Have you discovered The Alexandria Project?
In a blow to diversity and independence in book publishing and distribution, Google announced yesterday that it will discontinue its partnering portal with independent bookstores next January (reproduced in full at the end of this blog entry). Despite the fact that the program was only six months old and had already signed up 16 reseller partners around the world, representing thousands of bookstores, Google concluded that the reseller program “had not gained the traction that we hoped it would.”The impetus for the unusually rapid decision may presumably be found in Google’s announcement on Tuesday that it will combine all of its currently separate, media-specific storefronts (e.g., books, apps, etc.) into the single iTunes-like outlet it calls Google Play.
It probably makes sense for Google to go head to head with Apple’s approach to digital media, but it’s unfortunate that its Indie reseller program became collateral damage in the process. And, in the end, it may prove to be a shortsighted decision on the part of the search giant. Why? Because the cost of (maybe) checking Apple’s advance in media in general is dropping an effort to slow down the Amazon juggernaut’s capture of text content in particular. Based on the sales of my own book, it would appear that readers are overwhelmingly choosing Kindle versions over iTunes (or Nook) versions, so it is possible that Google has simply decided not to make a serious effort to become a player in online book sales.
Isn't it time you read:
The Alexandria Project?
a Tale of Treachery and Technology
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Fantastic! The Alexandria Project is a gripping novel of intrigue and suspense. The characters may be fictional, but we all know their real-life equivalents. The storyline may be fiction - but maybe not.
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Indie bookstores, on the other hand, have suffered a real loss as a result of Google’s backing out. Google not only offered an inexpensive way for them to participate in the Internet-enabled marketplace, but Indie stores could ride Google’s marketing coattails as well. Google also offered a (thus far) platform-neutral alternative to Amazon, Barnes & Noble and iTunes that was nonetheless directed at undercutting the dominance of each.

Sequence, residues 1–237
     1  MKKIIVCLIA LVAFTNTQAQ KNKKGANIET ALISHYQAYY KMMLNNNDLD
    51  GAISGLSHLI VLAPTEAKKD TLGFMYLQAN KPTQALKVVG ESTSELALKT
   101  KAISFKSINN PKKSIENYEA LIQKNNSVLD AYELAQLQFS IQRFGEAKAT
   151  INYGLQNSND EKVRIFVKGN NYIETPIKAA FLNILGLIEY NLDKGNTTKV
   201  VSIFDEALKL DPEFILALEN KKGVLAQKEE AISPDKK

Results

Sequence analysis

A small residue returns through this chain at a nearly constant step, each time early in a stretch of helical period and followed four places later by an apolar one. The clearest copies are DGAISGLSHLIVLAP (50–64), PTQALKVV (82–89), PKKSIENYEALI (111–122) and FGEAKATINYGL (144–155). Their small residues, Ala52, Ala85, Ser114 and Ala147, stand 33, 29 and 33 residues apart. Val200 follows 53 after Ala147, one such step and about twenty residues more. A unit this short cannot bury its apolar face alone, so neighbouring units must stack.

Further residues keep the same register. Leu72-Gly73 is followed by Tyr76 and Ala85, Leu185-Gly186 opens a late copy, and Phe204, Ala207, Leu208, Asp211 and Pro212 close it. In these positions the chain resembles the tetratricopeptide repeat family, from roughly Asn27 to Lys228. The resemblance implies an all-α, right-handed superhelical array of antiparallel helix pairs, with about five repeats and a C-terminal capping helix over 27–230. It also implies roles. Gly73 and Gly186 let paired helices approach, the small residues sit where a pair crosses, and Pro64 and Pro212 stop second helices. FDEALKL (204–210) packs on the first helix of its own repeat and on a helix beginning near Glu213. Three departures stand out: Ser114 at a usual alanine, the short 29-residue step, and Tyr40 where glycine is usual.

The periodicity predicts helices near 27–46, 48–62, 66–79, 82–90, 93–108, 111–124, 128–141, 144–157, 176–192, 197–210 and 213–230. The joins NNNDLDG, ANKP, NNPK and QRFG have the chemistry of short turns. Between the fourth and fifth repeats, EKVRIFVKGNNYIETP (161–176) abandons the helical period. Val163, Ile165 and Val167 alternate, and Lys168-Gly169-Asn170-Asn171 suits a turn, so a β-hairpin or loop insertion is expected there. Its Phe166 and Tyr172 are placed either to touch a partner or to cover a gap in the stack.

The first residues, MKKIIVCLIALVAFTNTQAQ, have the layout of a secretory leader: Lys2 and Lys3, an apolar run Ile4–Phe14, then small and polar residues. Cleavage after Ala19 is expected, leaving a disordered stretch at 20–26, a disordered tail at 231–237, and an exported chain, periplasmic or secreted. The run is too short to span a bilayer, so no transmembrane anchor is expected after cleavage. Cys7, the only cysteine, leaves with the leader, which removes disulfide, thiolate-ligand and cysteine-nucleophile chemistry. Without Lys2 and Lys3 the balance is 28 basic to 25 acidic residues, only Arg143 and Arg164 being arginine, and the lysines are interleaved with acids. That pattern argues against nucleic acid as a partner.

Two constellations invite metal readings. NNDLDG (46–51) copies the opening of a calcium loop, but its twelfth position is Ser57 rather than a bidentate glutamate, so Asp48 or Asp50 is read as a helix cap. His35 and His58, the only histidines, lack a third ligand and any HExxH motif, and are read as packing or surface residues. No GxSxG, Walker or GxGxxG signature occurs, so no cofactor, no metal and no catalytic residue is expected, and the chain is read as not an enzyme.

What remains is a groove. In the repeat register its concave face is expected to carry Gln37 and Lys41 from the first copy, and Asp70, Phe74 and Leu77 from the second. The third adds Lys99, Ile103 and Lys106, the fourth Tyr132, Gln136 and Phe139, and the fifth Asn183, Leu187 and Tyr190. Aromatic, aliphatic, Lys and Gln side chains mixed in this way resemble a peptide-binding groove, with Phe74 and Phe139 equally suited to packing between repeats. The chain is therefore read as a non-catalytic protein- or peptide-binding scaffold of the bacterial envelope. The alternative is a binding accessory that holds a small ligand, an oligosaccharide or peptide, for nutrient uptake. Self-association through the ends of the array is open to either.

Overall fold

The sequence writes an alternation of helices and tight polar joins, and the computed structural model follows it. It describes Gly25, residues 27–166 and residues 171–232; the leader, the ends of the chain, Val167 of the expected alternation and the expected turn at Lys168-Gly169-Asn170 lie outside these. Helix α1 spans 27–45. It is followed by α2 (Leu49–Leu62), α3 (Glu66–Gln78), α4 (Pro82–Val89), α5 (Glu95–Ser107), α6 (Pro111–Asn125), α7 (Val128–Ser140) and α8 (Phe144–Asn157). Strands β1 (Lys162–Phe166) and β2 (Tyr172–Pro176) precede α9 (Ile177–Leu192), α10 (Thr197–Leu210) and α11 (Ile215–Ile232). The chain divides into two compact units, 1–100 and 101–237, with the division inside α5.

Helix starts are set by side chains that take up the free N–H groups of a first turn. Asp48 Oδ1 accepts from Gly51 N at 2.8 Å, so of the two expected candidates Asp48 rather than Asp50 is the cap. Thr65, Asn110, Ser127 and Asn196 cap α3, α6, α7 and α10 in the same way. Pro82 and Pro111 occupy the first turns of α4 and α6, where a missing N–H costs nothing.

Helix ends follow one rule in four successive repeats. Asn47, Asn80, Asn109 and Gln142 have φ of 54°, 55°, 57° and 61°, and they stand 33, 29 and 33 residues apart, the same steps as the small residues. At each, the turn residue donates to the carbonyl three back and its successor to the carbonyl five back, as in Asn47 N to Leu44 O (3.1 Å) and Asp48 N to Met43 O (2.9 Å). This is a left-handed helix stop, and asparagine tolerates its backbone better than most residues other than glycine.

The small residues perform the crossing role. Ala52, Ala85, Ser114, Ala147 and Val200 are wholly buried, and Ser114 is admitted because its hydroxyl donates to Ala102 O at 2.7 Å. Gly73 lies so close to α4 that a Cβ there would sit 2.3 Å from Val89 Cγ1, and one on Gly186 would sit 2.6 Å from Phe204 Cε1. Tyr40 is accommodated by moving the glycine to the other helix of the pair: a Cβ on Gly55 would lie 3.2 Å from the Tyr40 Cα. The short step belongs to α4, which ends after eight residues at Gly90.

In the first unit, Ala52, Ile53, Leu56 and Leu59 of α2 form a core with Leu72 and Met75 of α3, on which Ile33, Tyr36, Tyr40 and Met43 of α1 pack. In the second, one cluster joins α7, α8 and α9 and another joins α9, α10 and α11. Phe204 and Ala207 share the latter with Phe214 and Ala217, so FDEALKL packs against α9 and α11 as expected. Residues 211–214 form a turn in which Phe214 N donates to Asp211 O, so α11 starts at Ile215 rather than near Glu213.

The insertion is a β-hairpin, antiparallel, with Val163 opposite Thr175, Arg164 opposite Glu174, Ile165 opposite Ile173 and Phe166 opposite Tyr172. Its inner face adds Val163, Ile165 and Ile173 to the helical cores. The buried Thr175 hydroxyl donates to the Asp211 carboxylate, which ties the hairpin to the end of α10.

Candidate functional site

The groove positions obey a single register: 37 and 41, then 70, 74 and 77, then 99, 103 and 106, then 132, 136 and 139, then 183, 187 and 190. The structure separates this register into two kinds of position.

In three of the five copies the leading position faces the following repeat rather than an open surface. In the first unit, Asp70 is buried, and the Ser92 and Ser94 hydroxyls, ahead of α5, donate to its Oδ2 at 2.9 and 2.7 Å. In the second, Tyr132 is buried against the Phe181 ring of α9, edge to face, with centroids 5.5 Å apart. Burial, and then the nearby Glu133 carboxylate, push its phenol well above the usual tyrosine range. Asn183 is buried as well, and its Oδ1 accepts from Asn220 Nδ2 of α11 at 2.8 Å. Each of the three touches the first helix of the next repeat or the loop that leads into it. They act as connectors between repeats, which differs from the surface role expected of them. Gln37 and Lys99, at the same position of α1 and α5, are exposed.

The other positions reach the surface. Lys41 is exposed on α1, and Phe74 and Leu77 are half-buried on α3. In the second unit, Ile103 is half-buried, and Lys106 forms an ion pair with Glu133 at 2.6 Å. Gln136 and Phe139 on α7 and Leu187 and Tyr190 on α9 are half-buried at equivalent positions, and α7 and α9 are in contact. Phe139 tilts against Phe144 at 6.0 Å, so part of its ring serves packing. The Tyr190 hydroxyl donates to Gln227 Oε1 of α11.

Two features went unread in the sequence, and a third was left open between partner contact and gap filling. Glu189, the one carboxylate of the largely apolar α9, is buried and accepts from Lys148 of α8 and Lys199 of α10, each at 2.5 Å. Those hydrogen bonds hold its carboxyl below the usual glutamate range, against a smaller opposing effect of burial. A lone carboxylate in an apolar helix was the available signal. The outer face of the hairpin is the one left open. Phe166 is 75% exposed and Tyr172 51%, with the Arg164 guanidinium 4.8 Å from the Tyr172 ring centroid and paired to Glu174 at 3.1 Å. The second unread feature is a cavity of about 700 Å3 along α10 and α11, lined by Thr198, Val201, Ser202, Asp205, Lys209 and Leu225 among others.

But as Google’s announcement reminds us, riding the coattails of another company’s strategic plan provides at best a parlous road to success. It may be that by pulling the plug as quickly as it has after catalyzing the idea of collective action, Google may have ultimately done independent bookstores a favor. This assumes, of course, that these business owners will band together to create a new platform over which they will have more control this time around.
Happily, that appears to be in the cards, according to a letter sent by American Booksellers Association Oren J. Teicher, which can be found in full here (the ABA was one of the 16 resellers that Google had wooed into its program, launching its IndieCommerce site for the benefit of its members).
That letter was written after Google gave its reseller partners all of two day’s prior notice that it was discontinuing a service into which it had only recently recruited them. While indicating that the ABA was “very disappointed” with Google’s decision, Teicher noted that the ABA had long recognized Google’s shortcomings as a partner (including Google’s lack of “understanding of many basic principles of our industry”), and that the ABA had been hedging its bets by continuing discussions with other potential partners. He went on to reassure ABA members that:
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With the launch of Google eBooks in 2010, we introduced a multi-faceted approach to selling ebooks: online, on devices, through affiliates and through resellers. One part of that effort -- the reseller program -- has not gained the traction that we hoped it would, so we have made the difficult decision to discontinue it by the end of January next year.
This change will help us focus on building the best ebooks experience we can across hundreds of devices with millions of books. Books will continue to be a major content pillar alongside apps, music and movies in the Google Play store. And -- regardless of where they bought them -- customers will still be able to access and read their ebooks on the web, phones, tablets and compatible eReaders.
We will work closely with our sixteen reseller partners as they transition in the coming months. Also, booksellers will still be highlighted in the “Buy this book” section of Google Book search, supported with our affiliate program and have access to free Books APIs.
Looking at the results to-date, it’s clear that the reseller program has not met the needs of many readers or booksellers. While our role as an ebooks wholesaler to booksellers will be coming to a close next year, we remain as committed as ever to making the eBooks experience from Google the best it can be for readers around the world.